There is a lot of resistance to electric mobility. Maybe this might move the needle a tad. According to the JD Power survey those who have made the switch like their EV enough to buy another. That’s the best endorsement, really. This is also the first time JD Power has conducted an electric vehicle survey.
The study is called the JD Power Electric Vehicle Experience Ownership Study
Called the Electric Vehicle Experience Ownership Study, owners were surveyed about their purchase and conclusions about ownership. The most important factor for owners was range, of course. The next most important factor was the manufacturer’s charging network, followed by the savings they saw over gas-powered vehicles.
What’s maybe most interesting from the survey is that even those who were not completely satisfied with their EV would still buy another one. The JD Power survey found that as owner satisfaction went down so too did brand loyalty. Electric vehicles were separated between premium and mass-market EVs.
The Tesla Model S got the best JD Power score followed closely by the Model 3
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For premium EVs, the Tesla Model S scored the best followed closely by the Model 3. Picking up the bottom was the Jaguar I-Pace which saw a rough launch. Many owners experienced ranges much shorter than what Jaguar advertised. And there were software issues as well. Between the Model S and I-Pace were the Model Y, Model X, and Audi e-tron.
In the mass-market category, the Kia Niro came out on top followed by the Chevy Bolt. Volkswagen’s e-Golf came in last. Between those two in descending order are the Hyundai Kona EV and Nissan Leaf. Based on their scores it looks like satisfaction was lower with the mass-market entries, yet owners would buy another EV. But they wouldn’t buy from their current EV manufacturer.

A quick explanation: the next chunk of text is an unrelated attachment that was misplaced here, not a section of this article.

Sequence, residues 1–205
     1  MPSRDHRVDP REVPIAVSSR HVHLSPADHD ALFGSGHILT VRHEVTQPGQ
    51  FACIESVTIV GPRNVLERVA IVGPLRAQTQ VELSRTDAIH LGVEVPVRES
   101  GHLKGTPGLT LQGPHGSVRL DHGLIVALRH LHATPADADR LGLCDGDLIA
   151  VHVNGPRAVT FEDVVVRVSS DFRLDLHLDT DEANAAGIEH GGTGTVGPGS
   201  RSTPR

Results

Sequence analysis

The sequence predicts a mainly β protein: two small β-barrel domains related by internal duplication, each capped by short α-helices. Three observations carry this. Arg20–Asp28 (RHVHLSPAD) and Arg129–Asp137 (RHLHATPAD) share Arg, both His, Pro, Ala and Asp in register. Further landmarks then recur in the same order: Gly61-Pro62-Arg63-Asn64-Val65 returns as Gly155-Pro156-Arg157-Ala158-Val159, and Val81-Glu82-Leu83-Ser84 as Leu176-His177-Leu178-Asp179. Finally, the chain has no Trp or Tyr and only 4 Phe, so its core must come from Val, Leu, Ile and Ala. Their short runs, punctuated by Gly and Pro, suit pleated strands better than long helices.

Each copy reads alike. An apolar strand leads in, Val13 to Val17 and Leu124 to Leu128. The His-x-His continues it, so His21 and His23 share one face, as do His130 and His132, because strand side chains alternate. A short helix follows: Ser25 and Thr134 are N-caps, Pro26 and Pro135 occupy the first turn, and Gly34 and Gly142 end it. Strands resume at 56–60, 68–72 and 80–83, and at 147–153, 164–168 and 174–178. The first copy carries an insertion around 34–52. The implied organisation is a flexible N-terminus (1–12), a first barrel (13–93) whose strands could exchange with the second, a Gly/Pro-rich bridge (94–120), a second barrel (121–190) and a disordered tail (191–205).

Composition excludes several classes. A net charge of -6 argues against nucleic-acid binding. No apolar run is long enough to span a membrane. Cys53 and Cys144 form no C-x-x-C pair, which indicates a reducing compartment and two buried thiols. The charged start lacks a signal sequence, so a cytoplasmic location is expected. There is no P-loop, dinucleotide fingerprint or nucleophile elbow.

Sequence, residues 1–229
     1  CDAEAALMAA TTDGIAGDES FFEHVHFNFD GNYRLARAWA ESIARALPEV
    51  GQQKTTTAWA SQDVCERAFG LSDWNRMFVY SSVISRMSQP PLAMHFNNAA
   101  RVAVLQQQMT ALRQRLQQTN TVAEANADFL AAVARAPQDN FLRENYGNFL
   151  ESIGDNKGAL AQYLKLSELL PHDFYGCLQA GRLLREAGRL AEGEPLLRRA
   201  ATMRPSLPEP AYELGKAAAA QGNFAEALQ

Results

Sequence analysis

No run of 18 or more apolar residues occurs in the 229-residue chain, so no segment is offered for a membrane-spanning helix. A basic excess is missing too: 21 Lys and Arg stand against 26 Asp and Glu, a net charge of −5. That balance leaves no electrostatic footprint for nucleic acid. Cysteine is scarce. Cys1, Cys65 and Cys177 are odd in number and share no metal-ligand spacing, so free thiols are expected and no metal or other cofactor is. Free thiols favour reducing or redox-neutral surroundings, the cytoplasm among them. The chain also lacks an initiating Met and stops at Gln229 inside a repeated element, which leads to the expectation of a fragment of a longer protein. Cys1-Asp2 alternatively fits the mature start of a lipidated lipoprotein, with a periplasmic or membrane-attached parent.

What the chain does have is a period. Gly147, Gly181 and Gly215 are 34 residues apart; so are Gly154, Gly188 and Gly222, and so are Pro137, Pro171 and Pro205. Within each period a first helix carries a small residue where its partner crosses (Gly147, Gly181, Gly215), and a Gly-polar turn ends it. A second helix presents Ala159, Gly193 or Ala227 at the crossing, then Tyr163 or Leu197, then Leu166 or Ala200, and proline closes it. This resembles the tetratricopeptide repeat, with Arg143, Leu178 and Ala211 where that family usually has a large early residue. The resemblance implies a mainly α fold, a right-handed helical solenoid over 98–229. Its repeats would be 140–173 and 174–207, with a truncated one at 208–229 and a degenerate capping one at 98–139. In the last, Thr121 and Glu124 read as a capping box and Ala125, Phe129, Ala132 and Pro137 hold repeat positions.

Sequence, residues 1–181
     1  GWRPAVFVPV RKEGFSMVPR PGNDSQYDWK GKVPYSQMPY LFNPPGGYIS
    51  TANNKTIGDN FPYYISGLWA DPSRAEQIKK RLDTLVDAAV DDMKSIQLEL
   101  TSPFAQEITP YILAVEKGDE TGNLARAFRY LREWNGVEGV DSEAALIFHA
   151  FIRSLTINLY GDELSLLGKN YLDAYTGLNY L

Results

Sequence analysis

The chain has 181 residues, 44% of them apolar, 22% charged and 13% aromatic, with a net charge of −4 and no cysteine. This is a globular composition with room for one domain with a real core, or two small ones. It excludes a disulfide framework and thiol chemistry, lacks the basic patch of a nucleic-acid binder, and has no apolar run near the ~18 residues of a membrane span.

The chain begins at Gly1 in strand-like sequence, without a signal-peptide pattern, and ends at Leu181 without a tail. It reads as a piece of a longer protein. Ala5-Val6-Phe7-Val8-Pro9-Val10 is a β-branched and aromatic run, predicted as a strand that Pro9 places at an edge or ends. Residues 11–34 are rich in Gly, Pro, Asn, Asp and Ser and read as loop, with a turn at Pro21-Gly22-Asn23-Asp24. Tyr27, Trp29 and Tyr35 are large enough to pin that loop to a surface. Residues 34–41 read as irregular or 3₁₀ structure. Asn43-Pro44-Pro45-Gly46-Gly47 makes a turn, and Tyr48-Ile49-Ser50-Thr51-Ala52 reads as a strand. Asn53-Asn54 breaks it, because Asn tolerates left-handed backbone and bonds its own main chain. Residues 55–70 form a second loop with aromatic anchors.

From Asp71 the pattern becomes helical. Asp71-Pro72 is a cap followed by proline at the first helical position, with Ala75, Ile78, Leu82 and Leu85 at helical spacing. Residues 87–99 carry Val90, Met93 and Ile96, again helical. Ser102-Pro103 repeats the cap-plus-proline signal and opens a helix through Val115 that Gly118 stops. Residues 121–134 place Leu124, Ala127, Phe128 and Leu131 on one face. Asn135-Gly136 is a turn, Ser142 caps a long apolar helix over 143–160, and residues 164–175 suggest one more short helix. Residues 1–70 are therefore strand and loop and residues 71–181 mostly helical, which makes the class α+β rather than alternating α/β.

While quality has been a problem for Tesla over the years, owners said they were generally satisfied with their purchase. So, in spite of quality issues, they would purchase another Tesla product. What that means for companies that are beginning to come to market with new EVs is unclear. Maybe Tesla owners are willing to give Tesla a pass on quality because it is a new company and the first to really push the EV market.
The survey doesn’t look good for both Audi and Jaguar
Especially in the premium category, it doesn’t look good for both Audi and Jaguar. Coming late to the game one would expect that their EV models would outshine the Tesla offerings. These two companies have had the time to get it right. Yet, from the issues Jaguar faced out of the gate and Audi’s direct shot at Tesla, buyers find more satisfaction with the startup’s products.
Audi and Jaguar also had the advantage of auto manufacturing going back almost 100 years. That in itself should have put them on a much stronger foundation to build a better product. Since more EVs are hitting the market like the Porsche Taycan, we’ll be anxious to see how they factor into the survey the next time.